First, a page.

The second day of the Wellington Test was a much better one for New Zealand, especially with the ball. I said after day one that their bowlers had to find something more than what they had been showing and they stepped up to take eight English wickets for fewer than two hundred runs. It was certainly not the day for which England were hoping, but they did do enough to get the score up to 465 all out, which is certainly still formidable.
A lot of the credit to that score must go to Matt Prior and Steven Finn. After Ian Bell and Joe Root had got out to a pair of poor shots in the morning, Prior came in and started to steady the ship and after Kevin Pietersen and Stuart Broad departed in quick succession in the afternoon Finn kept him company. The pair came together with the score 374-7 and England still some way short of a good total. But Finn survived for 82 deliveries whilst Prior scored quickly from the other end and the pair put on 83 runs in just under twenty overs. Finn got a bit of criticism during his innings for the slow rate at which he scored, but it was entirely unjustified. Prior can and did score quite quickly and what he needed was a foil to prevent him from running out of partners. Finn provided an excellent one and deserves credit for the way he hung around.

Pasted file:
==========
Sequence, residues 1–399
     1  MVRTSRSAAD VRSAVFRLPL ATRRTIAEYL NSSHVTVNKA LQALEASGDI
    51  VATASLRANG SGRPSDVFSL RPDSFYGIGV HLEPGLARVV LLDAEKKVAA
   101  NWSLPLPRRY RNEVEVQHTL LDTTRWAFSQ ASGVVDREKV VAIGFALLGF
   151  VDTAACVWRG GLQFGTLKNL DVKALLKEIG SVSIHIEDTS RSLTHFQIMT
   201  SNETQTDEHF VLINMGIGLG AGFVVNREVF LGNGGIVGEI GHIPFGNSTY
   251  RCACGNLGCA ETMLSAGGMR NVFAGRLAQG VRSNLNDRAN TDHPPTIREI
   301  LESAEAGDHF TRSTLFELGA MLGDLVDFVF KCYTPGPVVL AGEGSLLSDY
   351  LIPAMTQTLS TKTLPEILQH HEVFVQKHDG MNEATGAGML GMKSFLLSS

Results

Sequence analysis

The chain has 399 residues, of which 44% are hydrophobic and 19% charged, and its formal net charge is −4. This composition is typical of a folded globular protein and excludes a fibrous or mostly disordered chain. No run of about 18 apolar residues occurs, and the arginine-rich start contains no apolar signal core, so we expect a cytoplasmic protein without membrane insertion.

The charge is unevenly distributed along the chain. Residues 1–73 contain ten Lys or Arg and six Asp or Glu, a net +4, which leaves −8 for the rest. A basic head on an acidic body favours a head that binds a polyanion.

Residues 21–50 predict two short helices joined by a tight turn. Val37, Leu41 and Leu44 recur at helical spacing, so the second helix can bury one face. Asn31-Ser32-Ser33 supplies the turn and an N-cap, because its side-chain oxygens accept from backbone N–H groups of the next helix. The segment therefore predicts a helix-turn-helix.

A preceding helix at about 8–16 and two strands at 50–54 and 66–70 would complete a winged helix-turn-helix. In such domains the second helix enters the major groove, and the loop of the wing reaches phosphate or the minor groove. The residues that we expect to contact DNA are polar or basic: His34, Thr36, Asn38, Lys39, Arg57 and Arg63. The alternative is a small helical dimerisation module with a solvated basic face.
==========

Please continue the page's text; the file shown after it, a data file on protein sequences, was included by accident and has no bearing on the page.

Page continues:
Four hundred and sixty-five was still not as many as England would have liked, but impressive bowling in the evening session was enough to tilt the day into their favour. There was pace in the pitch and a bit of movement through the air, though the seamers did get a bit carried away with the bounce and started bowling a bit too short. This allowed New Zealand to put together a decent partnership for the second wicket, but Broad was the first one to find the right length and promptly took two wickets in as many deliveries.
The forecast for the last two days of the Test has improved slightly, but England will still want to hurry things along. New Zealand need another two hundred runs exactly to avoid the follow-on and England’s best chance to force a victory is to make sure that the Kiwis don’t get there. England will probably need to get amongst the wickets early tomorrow and they can get McCullum out before he can rescue his side again.